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Wood Buffalo National Park

You can’t get to Fort Smith without passing through Canada’s paramount northern national park and wildlife preserve, Wood Buffalo National Park. With 44,741 square kilometres it is larger than Switzerland and abundant with wildlife, wilderness and great places to explore.

Whether you’re camping or looking for a day trip, you’ll see sights you’ve never seen before.

Here are our top five favourite activities to do in Wood Buffalo National Park:

1. Explore the Salt Plains: Created by ancient seabeds the salt plains make for fantastic photos, as do the animal tracks weaving among salt-tolerant plants. You might be lucky enough to spot the endangered whooping cranes who have nests nearby.

2. Paddle and Relax at Pine Lake: The perfect get away for both locals and tourists alike. There are sandy shores, blue waters, cozy cabins and great opportunities to swim, hike, paddle, stargaze and relax. Some bison might even join you for a swim!

3. Attend Summer Festivals: Bring the kids for some family fun at the Pine Lake Picnic in July, with old fashioned fun from canoe races to corn husking competitions. You can't miss the Thebacha & Wood Buffalo Dark Sky Festival in August! You might get to rub shoulders around the campfire with some of Canada's astronauts, and definitely the best minds in science and astronomy. Not to mention great food, rocket launching and the glow-stick party!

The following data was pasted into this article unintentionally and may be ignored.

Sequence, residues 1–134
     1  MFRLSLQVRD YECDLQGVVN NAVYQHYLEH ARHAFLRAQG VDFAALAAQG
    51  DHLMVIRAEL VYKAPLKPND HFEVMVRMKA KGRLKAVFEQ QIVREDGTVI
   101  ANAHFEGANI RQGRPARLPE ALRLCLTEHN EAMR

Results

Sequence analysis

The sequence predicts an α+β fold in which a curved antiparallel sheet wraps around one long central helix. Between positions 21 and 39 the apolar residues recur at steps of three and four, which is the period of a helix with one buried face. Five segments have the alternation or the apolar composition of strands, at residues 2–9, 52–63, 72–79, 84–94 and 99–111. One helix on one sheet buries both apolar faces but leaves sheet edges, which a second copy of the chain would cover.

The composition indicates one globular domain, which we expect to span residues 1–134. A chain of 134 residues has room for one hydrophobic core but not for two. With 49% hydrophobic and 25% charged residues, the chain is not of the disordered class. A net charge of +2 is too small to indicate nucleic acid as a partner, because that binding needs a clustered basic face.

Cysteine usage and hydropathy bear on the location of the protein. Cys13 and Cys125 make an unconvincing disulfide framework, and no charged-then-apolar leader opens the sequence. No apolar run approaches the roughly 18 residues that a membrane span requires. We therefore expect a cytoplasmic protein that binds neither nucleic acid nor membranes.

4. Hike to Grosbeak Lake: Discover the lunar landscape at Grosbeak. Wander amongst the salt-eroded boulders and landscape that create this enticing ecosystem.

Wildlife Watching: You are sure to see bison as you travel along the road into Fort Smith or heading towards Pine Lake. In spring, red-sided garter snakes put on a spectacular mating display. You can also see black bears, moose, fox, wolf, lynx and many bird species including sandhill cranes, ravens and the most coveted wildlife sighting, though rarly spotted, is the endangered Whooping Crane.


Wood Buffalo National Park was designated a UNESCO World Heritage site in 1983 because:

  • It hosts one of the largest free-roaming and self-regulating bison herds in the world.
  • It’s the last remaining natural nesting area for the endangered whooping crane
  • It has unique salt plains created by an ancient seabed.
  • It has some of the best examples of gypsum karst landforms in North America.
  • It contains over 44,000 square kilometres of undisturbed boreal wilderness, an area the size of Switzerland.

For more information about Wood Buffalo National Park:

Phone: 867-872-7960

Website: Wood Buffalo National Park

Address: 149 MacDougal Road.